2022 K2 Mindbender 98Ti Alliance

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lengths: 154, 161, 168, 175 cm
radius: 15.6 m at 168 cm
sidecut: 134/98/120 mm at 168 cm
price: $ 314.96


The K2 Mindbender 98 Ti Alliance is a powerful, go-to ski for advanced and expert lady skiers who are looking to crush the entire mountain and not think twice about it. Built with an Aspen veneer wood core, these skis get a ton of pop and energy out of that wood. In addition, K2 adds their titanal Y-Beam to the mix that allows for more pressure and precision to go to the edges of the ski, especially in the forebody and through the waist of the 98 Ti. This makes the ski uncommonly stable and smooth on the groomers, as well as incredibly damp when the trails get chunky or if you venture off-piste at all. The metal tapers in towards the middle spine of the ski at the tail, offering a bit of playfulness and fun on the back end of the turn. Still incredibly strong and stout, these skis do have a bit longer and lower of a rocker profile that gives them the fun-loving character that K2 has always seem to have a monopoly on. Underfoot, they also use their powerwall sidewall to get even better grip and increase torsional stiffness while leaving the other parts of the skis largely unencumbered by that extra material. With just a graphics refresh for 2022, the K2 Mindbender 98 Ti Alliance is one of the more approachable and well-rounded skis that we see in this category, and we’re all about it.

ROCKER PROFILE
Rocker / Camber / Rocker
CORE MATERIALS
Aspen Veneer
Titanal Y-Beam
Powerwall
PREFERRED TERRAIN
All Mountain, Powder, Groomers

On the 161, Carly Monahan notes that it’s “Just right/true to size, would size up for more open terrain, but like the 161 for its quickness in NE trees.” We do end up in the woods a lot around here, so it does make sense to have a ski that’s appropriate for those conditions and terrain. Carly gave her top scores of 5’s out of 5 for stability and versatility, with 4’s for all other categories including overall impression. These are some very high and consistent scores, and that should be pretty typical of a ski of this width and in this build. Carly states that “The Ti gives it a good amount of stiffness and dampness - plows through crud and feels super reliable and burly without being crazy stiff or heavy. Would be a great everyday ski for New England ladies who like to a ski with a little power and an all-mtn vibe.” A little bit of everything, it sounds like, and that’s just what K2 has in mind with these wider all-mountain skis.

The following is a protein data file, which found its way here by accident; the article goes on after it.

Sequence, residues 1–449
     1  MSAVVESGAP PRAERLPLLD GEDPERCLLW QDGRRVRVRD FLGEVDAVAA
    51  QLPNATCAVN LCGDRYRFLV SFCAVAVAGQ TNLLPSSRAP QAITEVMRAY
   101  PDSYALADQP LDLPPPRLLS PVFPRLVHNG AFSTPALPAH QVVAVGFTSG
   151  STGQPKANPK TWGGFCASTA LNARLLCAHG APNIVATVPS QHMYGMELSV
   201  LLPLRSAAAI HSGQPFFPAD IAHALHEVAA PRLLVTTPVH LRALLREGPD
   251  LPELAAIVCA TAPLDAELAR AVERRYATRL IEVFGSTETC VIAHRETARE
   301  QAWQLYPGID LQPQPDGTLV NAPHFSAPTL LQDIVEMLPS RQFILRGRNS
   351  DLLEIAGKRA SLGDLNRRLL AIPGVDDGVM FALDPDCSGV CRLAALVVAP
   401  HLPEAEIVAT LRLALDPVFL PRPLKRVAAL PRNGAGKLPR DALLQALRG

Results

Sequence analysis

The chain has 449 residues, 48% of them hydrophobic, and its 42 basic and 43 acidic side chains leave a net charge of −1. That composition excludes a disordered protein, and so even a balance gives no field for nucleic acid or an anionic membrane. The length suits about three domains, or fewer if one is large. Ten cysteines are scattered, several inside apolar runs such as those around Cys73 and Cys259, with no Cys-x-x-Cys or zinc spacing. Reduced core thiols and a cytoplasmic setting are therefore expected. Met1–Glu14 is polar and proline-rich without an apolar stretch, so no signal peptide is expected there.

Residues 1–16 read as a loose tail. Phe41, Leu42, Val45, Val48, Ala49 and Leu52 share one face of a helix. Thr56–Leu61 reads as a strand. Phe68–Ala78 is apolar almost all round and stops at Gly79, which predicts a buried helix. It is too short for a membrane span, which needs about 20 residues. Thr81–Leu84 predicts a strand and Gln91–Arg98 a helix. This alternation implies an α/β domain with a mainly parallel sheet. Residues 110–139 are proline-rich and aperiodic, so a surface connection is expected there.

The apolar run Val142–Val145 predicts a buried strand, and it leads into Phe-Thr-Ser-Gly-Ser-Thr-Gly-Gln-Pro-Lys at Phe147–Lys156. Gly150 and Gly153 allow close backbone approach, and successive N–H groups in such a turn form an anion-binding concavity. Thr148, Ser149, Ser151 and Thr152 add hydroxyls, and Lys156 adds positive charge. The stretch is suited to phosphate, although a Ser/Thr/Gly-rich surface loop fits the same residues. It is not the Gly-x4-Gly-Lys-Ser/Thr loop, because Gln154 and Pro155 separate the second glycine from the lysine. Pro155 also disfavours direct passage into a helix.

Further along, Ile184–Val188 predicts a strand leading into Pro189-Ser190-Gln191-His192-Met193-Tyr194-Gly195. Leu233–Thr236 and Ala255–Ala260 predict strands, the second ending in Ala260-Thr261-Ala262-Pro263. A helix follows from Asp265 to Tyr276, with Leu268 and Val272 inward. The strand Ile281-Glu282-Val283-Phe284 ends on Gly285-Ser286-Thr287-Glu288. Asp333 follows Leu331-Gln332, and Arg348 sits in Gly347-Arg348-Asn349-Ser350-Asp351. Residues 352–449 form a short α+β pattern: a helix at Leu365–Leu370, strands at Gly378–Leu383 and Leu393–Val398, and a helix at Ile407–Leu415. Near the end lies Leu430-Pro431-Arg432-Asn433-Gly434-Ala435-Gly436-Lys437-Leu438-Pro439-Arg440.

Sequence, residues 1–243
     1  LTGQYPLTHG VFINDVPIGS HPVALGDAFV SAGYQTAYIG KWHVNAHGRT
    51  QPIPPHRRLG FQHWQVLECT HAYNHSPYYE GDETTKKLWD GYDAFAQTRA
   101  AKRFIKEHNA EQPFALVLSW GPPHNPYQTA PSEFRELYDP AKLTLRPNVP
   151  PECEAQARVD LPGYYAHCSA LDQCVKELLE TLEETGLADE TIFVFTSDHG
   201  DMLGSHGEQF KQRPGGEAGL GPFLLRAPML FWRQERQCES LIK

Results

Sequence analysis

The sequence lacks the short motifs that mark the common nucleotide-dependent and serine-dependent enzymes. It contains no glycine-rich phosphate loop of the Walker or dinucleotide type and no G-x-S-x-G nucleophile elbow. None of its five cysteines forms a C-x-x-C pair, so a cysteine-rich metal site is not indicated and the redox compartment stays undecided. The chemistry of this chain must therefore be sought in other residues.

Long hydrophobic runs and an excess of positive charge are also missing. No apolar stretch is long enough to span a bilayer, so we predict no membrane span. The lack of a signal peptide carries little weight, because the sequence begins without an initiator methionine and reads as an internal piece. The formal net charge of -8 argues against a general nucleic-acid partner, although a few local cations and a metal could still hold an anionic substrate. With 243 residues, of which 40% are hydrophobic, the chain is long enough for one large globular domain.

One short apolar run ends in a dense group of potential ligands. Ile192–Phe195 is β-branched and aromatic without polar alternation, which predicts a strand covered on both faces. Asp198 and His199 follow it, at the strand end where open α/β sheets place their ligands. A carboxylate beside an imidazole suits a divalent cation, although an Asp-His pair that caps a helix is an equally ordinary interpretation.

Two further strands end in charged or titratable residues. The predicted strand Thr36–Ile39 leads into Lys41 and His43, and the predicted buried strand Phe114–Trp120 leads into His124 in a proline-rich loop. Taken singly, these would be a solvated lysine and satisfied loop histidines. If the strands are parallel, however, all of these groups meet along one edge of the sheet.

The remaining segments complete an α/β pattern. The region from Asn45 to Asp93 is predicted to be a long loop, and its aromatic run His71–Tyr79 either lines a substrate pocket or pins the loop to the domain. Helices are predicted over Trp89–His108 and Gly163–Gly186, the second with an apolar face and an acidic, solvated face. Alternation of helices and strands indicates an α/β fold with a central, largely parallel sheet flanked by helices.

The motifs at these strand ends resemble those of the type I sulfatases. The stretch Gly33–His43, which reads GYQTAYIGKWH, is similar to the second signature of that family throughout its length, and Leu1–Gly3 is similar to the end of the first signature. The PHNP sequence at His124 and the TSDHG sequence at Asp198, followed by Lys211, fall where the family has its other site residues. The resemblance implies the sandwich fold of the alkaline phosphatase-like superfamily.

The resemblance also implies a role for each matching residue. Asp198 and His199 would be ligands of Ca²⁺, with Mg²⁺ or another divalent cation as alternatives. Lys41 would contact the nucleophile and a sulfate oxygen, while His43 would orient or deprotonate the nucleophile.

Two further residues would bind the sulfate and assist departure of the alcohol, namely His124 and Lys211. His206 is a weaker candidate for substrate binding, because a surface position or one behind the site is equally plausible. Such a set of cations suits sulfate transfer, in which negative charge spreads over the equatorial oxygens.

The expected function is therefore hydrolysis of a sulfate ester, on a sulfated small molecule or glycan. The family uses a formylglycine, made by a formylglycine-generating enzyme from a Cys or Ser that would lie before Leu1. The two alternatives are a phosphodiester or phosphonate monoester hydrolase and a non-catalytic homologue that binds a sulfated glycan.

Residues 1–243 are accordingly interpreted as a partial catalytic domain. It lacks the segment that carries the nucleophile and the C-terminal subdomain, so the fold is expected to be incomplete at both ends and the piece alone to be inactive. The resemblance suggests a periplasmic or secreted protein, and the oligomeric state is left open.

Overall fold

Alli Ruschp was also on the 161 and notes that it skis true to size. Probably a bit shorter than she’d normally use, but for this purpose, she can certainly find the merits and limitations of the 161. Like Carly, Alli scored the ski a 5 out of 5 for stability, and 4’s for torsional stiffness, edge hold, and flotation. She didn’t find it quite as versatile or playful as Carly did, and that’s okay, but still a bunch of high scores for these skis show the overall well-roundedness of the product. “Burly and beastly. Aggressive, heavy ski that’s powerful. Not for the average lady, takes some muscle but powers through crud easily. Smooth ride but very tired legs after the run.” We’ve certainly found a lot of this to be true about the men’s version of the ski as well, so it’s not shocking to hear that the Alliance build has a lot of the same feeling.


Overall, we love the composure and poise that these skis bring to the table, and K2 keeps churning out winners in this Alliance series. Be sure to be ready when you’re on the Ti versions, that they are on the stiffer and heavier side, but they provide the proper amount of feedback when you are on it. Don’t be shy on these skis—lean right into the front of your boot and get the power out of the ski. Advanced and expert skiers will be able to do this with the most effectiveness, but intermediates who are aggressive and are looking to progress will also find a home here.